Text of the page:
Thats what the fishing boards were saying and the weatherman was reporting, but I saw it as an opportunity to explore some new water and practice my spey casting and swinging technique. I decided to heed the advice of a member from the WFF.com board and head up to check out some water which was supposedly tougher to blow out and might hold some early winter run fish.

What I found was a nice change of pace, fishing alone, the solitude, no other fisherman, no runs to crowd, no gear guys elbow to elbow, no tempers flaring, no trash littered all over the place.  I can’t recall the last time I truly enjoyed being outside, yes, that happens when I go out, but today I had a different mindset.  To enjoy God’s wilderness and spend some time in reflection and to explore some new water.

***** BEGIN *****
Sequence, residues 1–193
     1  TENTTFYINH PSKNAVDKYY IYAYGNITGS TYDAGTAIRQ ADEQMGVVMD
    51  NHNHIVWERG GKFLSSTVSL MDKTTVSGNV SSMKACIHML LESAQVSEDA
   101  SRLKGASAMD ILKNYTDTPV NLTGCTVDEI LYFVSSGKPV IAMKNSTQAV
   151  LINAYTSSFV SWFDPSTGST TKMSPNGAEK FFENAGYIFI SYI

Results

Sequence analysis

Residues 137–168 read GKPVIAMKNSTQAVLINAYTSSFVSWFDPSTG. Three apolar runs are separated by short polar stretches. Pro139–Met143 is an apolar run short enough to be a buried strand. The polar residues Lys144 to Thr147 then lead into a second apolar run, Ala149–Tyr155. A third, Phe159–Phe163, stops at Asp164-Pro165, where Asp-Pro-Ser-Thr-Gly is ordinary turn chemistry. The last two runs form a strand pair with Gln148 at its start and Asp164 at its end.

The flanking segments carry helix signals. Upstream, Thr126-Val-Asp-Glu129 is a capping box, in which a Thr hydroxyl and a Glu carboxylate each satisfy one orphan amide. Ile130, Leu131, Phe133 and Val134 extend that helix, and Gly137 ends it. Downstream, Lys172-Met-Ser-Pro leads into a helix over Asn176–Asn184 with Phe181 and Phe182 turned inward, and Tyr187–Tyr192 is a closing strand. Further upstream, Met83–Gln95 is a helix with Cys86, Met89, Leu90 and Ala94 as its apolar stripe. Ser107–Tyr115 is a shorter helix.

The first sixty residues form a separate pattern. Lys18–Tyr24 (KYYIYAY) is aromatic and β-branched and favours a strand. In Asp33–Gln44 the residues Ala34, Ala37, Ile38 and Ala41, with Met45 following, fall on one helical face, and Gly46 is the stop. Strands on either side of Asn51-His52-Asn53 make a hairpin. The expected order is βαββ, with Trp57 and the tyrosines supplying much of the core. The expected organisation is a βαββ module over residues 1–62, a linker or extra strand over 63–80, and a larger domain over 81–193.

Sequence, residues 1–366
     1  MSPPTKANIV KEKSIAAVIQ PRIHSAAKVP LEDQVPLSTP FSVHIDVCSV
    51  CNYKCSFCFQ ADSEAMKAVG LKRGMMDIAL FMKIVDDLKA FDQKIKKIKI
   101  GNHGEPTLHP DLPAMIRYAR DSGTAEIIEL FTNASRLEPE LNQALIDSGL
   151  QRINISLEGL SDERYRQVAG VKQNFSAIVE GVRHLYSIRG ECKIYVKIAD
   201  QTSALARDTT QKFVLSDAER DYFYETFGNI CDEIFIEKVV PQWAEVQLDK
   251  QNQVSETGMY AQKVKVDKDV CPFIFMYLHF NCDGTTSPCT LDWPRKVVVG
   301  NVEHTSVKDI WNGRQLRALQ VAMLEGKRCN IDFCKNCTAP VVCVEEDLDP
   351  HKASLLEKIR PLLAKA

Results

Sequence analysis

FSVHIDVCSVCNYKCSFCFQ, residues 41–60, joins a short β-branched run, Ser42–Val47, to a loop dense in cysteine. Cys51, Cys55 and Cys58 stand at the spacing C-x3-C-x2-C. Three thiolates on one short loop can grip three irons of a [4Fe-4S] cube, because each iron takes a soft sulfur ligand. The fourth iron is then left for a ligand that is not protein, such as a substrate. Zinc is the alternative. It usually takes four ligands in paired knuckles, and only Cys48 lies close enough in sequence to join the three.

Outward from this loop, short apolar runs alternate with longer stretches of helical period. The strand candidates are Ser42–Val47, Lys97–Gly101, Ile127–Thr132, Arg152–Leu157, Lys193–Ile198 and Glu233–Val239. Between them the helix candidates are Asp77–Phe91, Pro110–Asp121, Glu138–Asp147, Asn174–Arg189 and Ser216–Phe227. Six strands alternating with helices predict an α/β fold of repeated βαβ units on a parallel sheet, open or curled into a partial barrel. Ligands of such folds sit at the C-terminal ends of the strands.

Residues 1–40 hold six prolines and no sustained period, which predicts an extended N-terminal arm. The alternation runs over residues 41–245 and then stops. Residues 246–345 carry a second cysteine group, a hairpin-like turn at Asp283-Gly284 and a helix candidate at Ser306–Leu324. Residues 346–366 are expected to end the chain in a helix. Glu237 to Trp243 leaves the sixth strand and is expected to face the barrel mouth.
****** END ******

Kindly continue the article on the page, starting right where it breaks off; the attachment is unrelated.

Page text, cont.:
The rivers all locally were looking pretty bad, with flows nearing 7000 CFS, it was alot like chocolate milk on the lower Snohomish, and the Snoqualmie was reaching that bad flush from a big dinner of Chili syndrome.

I had some work to finish up this morning as I had to cancel on going to Rocky Ford with Klint D and Marc C., so I wrapped up around 10, and decided to hightail it up for a few hours of fishing.

At least all my gear was now a little more seasoned, so the new equipment jinx wouldn’t be a factor.  Rather than lay out the report, it might be best served through the videos and photos that I took.  Although, I didn’t find steel, I did get into a beautiful Dolly that went for my pink chenille worm pattern that was swung through a particular fishy piece of classic steelhead water.  If there was a steelhead around, I would have caught it.  I bushwhacked through the forest through snow, ice and mud puddles to find the location which I wanted to start my path.

Nice thing about fishing alone is the solitude, not so nice is the solitude… and nobody to take your photo if you catch a fish.  I tried to fumble with my iPhone which trying to land that little beast, it worked ok, but would have rather had someone else capturing the moment.

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Put the Peddle to the Metal! 12/8/2010